Aristocracy and fanaticism seem equally to be gaining ground in England, particularly in the place I have mentioned; I saw very little of either in Norway. The people are regular in their attendance on public worship, but religion does not interfere with their employments.
As the farmers cut away the wood they clear the ground. Every year, therefore, the country is becoming fitter to support the inhabitants. Half a century ago the Dutch, I am told, only paid for the cutting down of the wood, and the farmers were glad to get rid of it without giving themselves any trouble. At present they form a just estimate of its value; nay, I was surprised to find even firewood so dear when it appears to be in such plenty. The destruction, or gradual reduction, of their forests will probably ameliorate the climate, and their manners will naturally improve in the same ratio as industry requires ingenuity. It is very fortunate that men are a long time but just above the brute creation, or the greater part of the earth would never have been rendered habitable, because it is the patient labour of men, who are only seeking for a subsistence, which produces whatever embellishes existence, affording leisure for the cultivation of the arts and sciences that lift man so far above his first state. I never, my friend, thought so deeply of the advantages obtained by human industry as since I have been in Norway. The world requires, I see, the hand of man to perfect it, and as this task naturally unfolds the faculties he exercises, it is physically impossible that he should have remained in Rousseau's golden age of stupidity. And, considering the question of human happiness, where, oh where does it reside? Has it taken up its abode with unconscious ignorance or with the high- wrought mind? Is it the offspring of thoughtless animal spirits or the dye of fancy continually flitting round the expected pleasure?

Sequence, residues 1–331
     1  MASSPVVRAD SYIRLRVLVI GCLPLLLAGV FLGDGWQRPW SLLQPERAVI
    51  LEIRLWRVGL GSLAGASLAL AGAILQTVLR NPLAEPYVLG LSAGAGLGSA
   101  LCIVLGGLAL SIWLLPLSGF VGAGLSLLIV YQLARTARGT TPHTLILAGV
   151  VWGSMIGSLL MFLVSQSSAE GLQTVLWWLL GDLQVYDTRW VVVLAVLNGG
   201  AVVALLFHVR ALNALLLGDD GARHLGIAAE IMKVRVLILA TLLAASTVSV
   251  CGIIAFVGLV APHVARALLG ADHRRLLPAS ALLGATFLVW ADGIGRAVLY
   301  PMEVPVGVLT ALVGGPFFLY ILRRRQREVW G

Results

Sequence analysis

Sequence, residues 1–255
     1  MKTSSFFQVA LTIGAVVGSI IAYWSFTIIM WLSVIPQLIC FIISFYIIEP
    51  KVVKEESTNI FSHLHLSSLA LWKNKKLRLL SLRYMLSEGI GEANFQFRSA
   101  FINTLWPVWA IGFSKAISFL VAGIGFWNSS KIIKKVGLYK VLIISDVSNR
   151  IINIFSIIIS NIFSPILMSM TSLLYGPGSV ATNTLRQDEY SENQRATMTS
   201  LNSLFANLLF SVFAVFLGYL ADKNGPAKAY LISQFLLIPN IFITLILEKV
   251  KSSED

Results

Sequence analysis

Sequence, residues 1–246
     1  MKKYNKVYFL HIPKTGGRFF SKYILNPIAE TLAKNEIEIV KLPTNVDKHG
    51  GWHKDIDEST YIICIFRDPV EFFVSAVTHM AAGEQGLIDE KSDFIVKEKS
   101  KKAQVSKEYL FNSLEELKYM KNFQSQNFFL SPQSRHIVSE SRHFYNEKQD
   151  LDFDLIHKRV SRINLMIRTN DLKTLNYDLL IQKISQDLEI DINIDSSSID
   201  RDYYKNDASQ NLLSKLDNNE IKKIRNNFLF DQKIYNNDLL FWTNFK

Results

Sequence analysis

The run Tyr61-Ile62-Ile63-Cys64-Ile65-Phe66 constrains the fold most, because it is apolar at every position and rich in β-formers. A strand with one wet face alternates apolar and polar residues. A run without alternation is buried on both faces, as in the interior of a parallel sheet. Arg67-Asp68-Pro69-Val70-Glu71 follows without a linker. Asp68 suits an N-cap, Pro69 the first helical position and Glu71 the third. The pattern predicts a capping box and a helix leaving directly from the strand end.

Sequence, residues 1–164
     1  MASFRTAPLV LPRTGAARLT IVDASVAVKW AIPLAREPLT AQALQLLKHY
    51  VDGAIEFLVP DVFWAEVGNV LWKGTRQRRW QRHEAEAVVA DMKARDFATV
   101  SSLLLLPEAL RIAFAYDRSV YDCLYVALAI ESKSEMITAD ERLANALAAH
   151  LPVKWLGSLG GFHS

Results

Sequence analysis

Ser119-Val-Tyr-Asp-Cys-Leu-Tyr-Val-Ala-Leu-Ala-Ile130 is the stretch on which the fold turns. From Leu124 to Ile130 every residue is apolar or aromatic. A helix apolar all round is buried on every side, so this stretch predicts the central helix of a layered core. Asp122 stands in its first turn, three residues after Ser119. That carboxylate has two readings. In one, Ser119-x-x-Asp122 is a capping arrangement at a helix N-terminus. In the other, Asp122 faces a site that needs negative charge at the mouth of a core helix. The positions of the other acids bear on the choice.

The increasing population of the earth must necessarily tend to its improvement, as the means of existence are multiplied by invention.
You have probably made similar reflections in America, where the face of the country, I suppose, resembles the wilds of Norway. I am delighted with the romantic views I daily contemplate, animated by the purest air; and I am interested by the simplicity of manners which reigns around me. Still nothing so soon wearies out the feelings as unmarked simplicity. I am therefore half convinced that I could not live very comfortably exiled from the countries where mankind are so much further advanced in knowledge, imperfect as it is, and unsatisfactory to the thinking mind. Even now I begin to long to hear what you are doing in England and France. My thoughts fly from this wilderness to the polished circles of the world, till recollecting its vices and follies, I bury myself in the woods, but find it necessary to emerge again, that I may not lose sight of the wisdom and virtue which exalts my nature.
What a long time it requires to know ourselves; and yet almost every one has more of this knowledge than he is willing to own, even to himself. I cannot immediately determine whether I ought to rejoice at having turned over in this solitude a new page in the history of my own heart, though I may venture to assure you that a further acquaintance with mankind only tends to increase my respect for your judgment and esteem for your character. Farewell!
I have once more, my friend, taken flight, for I left Tonsberg yesterday, but with an intention of returning in my way back to Sweden.
The road to Laurvig is very fine, and the country the best cultivated in Norway. I never before admired the beech tree, and when I met stragglers here they pleased me still less. Long and lank, they would have forced me to allow that the line of beauty requires some curves, if the stately pine, standing near, erect, throwing her vast arms around, had not looked beautiful in opposition to such narrow rules.
In these respects my very reason obliges me to permit my feelings to be my criterion. Whatever excites emotion has charms for me, though I insist that the cultivation of the mind by warming, nay, almost creating the imagination, produces taste and an immense variety of sensations and emotions, partaking of the exquisite pleasure inspired by beauty and sublimity. As I know of no end to them, the word infinite, so often misapplied, might on this occasion be introduced with something like propriety.